AWG Newsletter

    February 5th, 2001

    Karl Lillquist, Central Washington University is organizing and conducting a
    "Geography of the West Field Camp: Oregon's Basin & Range and Cascade Volcanoes",
    16 July - 19 August 2001.

    Click for more information:

    and/or contact: Dr. Karl Lillquist
    Geography and Land Studies Department
    Central Washington University
    Ellensburg, WA 98926 USA
    (509) 963-1188
    E-mail: lillquis@cwu.edu


    AWG Newsletter

    January 29, 2001

    The program for the April 7/8 AWG Spring Meeting in Bellingham has arrived: Click here!


    AWG Newsletter

    January 29, 2001

  • The fall meeting will be at the UW on 27 October 2001. The theme -- unless something changes in the near future -- will be, "The Geography of Business and the Business of Geography." Hopefully, we can attract some geographers who are employed in the private sector, and, of course, the economic & social geographers will find the theme of interest (Neil S.)

  • AWG Newsletter

  • Jan 26, 2001 Subject: Seattle Economists Club
    UW's Paul Sommers (Northwest Policy Center) will speak on "High Tech Clustering and Economic Development Policy in Washington State" at the Wed 14 Feb meeting of the Seattle Economists Club.

    The SEC meets monthly for lunch, in a format that allows professional, academic, and student economist-types to meet each other, do career networking, and hear about relevant (usually regional) issues. David Lindahl, who received his PhD in Geography at UW in '96, is presently Vice President.

    The Feb meeting is 11:30 at Ivar's Acres of Clams on the waterfront downtown. Lunch is $25 for nonmembers, $20 for members. Student membership is very inexpensive. Reserve (or ask about membership) at seattleeco@aol.com. (based on a mailing by J.W. Harrington)


    AWG Newsletter

  • January 26, 2001 Dr. Brian Coffey (Ph.D. [Geog] Oregon, 1982) is the Faculty Coordinator for Urban Studies at the Tacoma campus of the University of Washington (bcoffey@u.washington.edu). Presently, the program is looking for a new faculty member with an urban planning and GIS background. A Ph.D. in urban planning, urban studies, geography, or a related field is required.


    AWG Newsletter

  • January 9, 2001 PGoPS (Professional Geographers of Puget Sound) announce(s): "Just a reminder to come and hear Bruce Tecklenburg with Horizon Air next Wednesday at noon! We will meet at:
    Key Tower, Room 3403 (34th Floor)
    700 Fifth Avenue (entrance at 5th and Columbia)"
    (Contact: Michael.Alvine@METROKC.GOV)


    AWG Newsletter

  • Coming Up: Fifth annual Western Geography Student Conference to be held February 2-4, 2001 at Portland State University.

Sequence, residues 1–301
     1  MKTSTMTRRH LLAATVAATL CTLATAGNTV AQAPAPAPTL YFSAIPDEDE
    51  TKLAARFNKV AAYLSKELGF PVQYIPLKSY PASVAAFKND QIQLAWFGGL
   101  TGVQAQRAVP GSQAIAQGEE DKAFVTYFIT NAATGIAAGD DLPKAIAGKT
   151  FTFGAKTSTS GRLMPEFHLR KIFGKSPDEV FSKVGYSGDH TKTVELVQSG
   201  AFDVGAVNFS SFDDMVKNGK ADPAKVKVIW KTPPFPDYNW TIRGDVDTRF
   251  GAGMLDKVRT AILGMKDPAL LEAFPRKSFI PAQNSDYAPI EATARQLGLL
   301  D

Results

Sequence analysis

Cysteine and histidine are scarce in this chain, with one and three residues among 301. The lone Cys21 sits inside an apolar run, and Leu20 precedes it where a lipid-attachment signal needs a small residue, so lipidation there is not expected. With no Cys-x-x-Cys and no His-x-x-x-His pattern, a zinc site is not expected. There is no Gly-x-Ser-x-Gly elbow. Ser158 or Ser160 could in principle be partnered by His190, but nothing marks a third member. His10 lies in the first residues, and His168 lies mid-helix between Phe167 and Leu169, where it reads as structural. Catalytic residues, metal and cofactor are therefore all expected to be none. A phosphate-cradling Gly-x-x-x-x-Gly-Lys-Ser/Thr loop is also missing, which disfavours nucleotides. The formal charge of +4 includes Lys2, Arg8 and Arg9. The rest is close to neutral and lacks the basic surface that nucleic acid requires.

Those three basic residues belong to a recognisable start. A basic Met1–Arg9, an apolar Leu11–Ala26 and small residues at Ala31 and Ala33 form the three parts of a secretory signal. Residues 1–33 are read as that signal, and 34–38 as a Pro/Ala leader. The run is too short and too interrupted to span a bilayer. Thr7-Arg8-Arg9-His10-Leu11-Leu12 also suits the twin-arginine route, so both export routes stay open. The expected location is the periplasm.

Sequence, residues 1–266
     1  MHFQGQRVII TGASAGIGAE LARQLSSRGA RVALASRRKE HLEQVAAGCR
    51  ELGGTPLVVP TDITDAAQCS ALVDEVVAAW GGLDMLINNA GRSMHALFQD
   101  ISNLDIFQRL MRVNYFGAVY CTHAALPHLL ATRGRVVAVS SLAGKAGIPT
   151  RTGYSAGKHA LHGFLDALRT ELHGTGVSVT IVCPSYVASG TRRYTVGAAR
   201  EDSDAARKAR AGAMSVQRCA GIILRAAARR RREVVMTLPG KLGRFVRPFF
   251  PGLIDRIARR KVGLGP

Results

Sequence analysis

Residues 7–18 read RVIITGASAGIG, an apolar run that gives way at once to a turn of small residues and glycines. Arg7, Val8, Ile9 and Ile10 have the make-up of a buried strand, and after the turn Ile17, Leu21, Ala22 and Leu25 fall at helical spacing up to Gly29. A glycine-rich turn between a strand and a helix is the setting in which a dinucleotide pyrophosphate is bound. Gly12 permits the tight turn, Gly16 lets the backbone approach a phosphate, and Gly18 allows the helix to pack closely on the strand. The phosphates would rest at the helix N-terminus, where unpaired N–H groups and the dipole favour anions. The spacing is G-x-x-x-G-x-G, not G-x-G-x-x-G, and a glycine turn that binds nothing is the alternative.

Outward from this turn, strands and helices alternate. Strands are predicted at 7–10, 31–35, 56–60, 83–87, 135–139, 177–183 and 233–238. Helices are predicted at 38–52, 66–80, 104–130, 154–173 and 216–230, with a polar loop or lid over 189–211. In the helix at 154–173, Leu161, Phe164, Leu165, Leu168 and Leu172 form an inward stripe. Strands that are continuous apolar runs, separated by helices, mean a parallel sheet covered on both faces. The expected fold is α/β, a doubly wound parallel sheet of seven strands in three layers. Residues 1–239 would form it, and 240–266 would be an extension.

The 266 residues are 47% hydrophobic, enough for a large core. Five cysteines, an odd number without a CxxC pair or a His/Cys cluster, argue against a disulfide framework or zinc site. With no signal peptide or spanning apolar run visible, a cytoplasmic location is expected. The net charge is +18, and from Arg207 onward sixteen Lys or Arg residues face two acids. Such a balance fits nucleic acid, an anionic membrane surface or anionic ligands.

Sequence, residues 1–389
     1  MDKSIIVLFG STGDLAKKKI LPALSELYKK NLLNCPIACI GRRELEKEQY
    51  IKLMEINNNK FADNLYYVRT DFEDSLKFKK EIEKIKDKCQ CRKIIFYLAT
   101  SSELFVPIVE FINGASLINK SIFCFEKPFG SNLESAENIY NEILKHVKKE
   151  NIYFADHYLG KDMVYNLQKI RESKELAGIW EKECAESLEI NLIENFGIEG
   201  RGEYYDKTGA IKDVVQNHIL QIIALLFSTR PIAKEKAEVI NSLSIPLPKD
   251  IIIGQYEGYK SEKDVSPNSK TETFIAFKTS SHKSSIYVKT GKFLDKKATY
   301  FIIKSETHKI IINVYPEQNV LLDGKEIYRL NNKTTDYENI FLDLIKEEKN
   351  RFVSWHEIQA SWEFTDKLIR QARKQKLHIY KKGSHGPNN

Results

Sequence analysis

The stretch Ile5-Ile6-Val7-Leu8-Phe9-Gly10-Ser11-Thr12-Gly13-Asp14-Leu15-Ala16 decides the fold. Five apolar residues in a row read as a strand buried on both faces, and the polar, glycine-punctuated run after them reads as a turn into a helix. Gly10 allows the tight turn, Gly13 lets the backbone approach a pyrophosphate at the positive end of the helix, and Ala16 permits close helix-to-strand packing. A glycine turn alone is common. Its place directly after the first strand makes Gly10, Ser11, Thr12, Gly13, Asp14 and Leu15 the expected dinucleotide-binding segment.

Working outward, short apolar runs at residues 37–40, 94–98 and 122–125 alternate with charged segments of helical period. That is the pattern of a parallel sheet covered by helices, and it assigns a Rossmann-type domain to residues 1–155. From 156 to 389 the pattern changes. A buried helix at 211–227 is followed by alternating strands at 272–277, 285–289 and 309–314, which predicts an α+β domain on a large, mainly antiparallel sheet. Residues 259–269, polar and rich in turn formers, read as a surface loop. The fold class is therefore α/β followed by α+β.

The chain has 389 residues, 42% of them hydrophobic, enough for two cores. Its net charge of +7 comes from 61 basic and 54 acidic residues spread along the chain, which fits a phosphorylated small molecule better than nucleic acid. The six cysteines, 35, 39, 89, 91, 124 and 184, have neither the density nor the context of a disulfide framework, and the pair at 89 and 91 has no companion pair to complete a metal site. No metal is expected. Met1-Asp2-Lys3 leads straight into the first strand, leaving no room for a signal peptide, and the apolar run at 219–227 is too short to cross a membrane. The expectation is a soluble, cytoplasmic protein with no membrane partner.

AWG Newsletter

    this summer for a total of 21 trips. The ship will carry 2000 plus passengers. A typical itinerary will be Seattle to Glacier Bay on the Inside Passage with a stop at Haines / Skagway. Return stops will be at Juneau and Vancouver.

    The addition of these homeport vessels will substantially increase the economic benefit of cruise ship traffic in the Seattle area. Previously, Seattle had 6 - 12 cruise ships call each year. With the new homeport cruise lines, the total activity will increase to 37 calls this year. Each homeport call by a 2000 passenger ships results in $1 million in business revenues. Over the 4-year term of agreement with NCL alone, the impact will be $74 million and create 513 local jobs. Bookings on NCL are better than anticipated and will likely sell out for 2000.

    Seattle's cruise ship industry will be served from a newly constructed $16 million terminal at the Bell Street Pier (Pier 66). The Pier is a key part of the Port of Seattle's Central Waterfront Development Program and includes the Odyssey Maritime Museum, Restaurants and Retail, and the Bell Harbor International Conference Center.
    [Reported by Troy Brown]


  • February 20: AWG NEWSLETTER (On-line Version of Paper-Edition)


  • The Professional Geographers of Puget Sound present Tino Salud, brown bag lunch speaker who will discuss

    Emerging Trends in Seattle's Cruise Ship Industry.

    Wednesday, February 23rd, 12:00-1:00 PM at Key Tower, Room 3205 (32nd Floor), 700 Fifth Avenue (entrance at 5th and Columbia, Seattle).

    Mr. Salud of the Port of Seattle Marine Marketing & Business Development Department will discuss the Port's recent successful efforts to attract passenger cruise ships to the Puget Sound area, and the economic benefits of the cruise industry. Norwegian Cruise Lines will begin offering Alaska cruises this spring from Seattle's Pier 66.

    Please contact Troy Brown at 206-439-7707 if you have questions or ideas for future brown bag topics.


  • Fred Matteucci reports (Jan.11, 2000):
    The new Social Studies EALRs for geography etc. have been written and are now online at: http://www.learningspace.org/socialstudies/
    (and more specifically here:
    http://www.learningspace.org/socialstudies/ealrs/Geog.html)
    You might want to check these out. (By the way: Fred chaired the geography sessions).